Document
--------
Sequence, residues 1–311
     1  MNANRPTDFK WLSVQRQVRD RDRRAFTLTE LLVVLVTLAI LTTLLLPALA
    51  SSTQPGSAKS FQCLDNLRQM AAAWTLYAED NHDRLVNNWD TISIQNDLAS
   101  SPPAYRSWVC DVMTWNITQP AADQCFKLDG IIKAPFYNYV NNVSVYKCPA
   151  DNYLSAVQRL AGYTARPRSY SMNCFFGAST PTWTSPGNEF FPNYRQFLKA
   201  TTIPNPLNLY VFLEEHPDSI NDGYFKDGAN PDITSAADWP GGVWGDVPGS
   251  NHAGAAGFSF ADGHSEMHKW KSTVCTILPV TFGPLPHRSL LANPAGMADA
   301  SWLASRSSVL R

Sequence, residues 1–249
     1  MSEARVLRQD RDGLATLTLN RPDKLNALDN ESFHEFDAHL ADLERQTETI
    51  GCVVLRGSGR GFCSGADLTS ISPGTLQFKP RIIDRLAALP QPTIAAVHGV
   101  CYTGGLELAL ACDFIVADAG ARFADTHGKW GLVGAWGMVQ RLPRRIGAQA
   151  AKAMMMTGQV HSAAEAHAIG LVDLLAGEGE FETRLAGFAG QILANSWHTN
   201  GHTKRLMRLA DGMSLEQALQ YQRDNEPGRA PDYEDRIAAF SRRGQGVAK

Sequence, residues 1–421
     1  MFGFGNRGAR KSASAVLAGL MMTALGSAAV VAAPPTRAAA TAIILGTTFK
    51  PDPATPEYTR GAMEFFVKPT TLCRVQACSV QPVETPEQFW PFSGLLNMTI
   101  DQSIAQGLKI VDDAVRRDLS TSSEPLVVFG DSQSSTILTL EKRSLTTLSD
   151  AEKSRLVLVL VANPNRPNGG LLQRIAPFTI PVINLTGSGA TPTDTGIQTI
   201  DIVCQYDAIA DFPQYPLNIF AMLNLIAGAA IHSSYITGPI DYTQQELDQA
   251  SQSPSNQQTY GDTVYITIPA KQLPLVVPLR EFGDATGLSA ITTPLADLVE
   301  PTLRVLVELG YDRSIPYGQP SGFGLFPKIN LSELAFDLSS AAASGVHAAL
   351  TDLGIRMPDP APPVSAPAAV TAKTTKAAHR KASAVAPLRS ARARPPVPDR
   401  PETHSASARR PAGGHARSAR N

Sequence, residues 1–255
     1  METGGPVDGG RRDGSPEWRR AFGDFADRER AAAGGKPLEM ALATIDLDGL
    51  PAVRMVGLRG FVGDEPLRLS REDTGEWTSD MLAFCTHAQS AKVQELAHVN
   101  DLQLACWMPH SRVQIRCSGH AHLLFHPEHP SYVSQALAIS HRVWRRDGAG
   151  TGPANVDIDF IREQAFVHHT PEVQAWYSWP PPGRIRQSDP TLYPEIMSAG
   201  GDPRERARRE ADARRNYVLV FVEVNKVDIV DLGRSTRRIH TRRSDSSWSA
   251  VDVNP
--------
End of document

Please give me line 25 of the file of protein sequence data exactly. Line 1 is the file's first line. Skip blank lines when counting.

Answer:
Sequence, residues 1–255